The New Partnership For African Development otherwise known as the NEPAD Agency was established as an outcome of the integration of NEPAD into AU structures and processes. The NEPAD Agency is the technical body and implementing agency of the African Union, tasked with the facilitation and coordination of the development of NEPAD programmes on the continent. As part of the strategic framework for pan-African socio-economic development, the agency mobilises resources and engages the global community, regional economic communities and member states in the implementation of these programmes and projects. As an aside it is pertinent to mention that the CEO Dr Ibrahim Assane Mayaki a Nigerien from Niger Republic and who has been at the helm since 2009 is an academician, former politician and Prime Minister of Niger but now works as a technocrat wearing a private sector type hat.

After the adoption of the Agenda 2063 Framework document by the summit in January 2015 as the basis for Africa’s long term socio –economic and integrative transformation, NEPAD has over the years rolled out thecontinental frameworks developed by the African Union Commission (AUC), including the Comprehensive African Agricultural Development programme(CAADP), Programme for Infrastructural Development in Africa (PIDA), Accelerated Industrial Development for Africa (AIDA), amongst others to support Member states of the African Union in their development efforts.These frameworks are being implemented by some member states and have been captured as priority areas of the first ten-year implementation plan carved out of the Agenda 2063 50 year strategic document. A creative and positive fallout of this was the creation of the Grow Africa Partnership of which there is a nexus with NEPAD and WEF.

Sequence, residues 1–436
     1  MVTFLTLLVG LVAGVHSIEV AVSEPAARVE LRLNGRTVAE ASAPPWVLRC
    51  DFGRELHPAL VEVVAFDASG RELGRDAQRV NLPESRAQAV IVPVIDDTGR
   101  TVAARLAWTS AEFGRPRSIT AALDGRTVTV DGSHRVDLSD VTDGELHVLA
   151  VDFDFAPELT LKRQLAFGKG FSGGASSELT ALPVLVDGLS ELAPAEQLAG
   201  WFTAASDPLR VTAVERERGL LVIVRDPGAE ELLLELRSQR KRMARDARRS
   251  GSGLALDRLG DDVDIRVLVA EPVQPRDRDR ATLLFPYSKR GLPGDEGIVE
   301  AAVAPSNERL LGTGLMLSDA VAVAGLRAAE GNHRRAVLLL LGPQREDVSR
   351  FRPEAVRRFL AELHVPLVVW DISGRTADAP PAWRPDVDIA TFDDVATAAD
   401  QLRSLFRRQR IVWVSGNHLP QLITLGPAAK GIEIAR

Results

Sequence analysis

Grow africa partnership

Grow Africa’s partnership was jointly founded in 2011 by the African Union (AU), the New Partnership for Africa’s Development (NEPAD) and the World Economic Forum (WEF). Since then, Grow Africa’s mission has been to mobilize private sector investment in African agriculture and accelerate execution in support of national and continental priorities. Grow Africa’s role has been to catalyse the potential for private sector investment to generate economic growth and job creation, particularly among smallholder farmers, women and youth. This has been achieved through playing a convening role between key stakeholders in African agriculture, particularly governments, international and domestic agriculture companies and smallholder farmers, with the goal of working together to lower the risk and cost of investing in African agriculture.

In the past 4 years, Grow Africa has developed a strong reputation for mobilising private sector investments that improve smallholder incomes and create new jobs. Cumulative investment commitments grew from $3 billion in 2012 to approximately $10 billion in 2015. At the last annual stock taking of these commitments based on my research, US$2.3 out of US$10 billion original investment commitments had been converted into actual investments, reaching over 10 million smallholder farmers and creating 88,000 new jobs created in agriculture.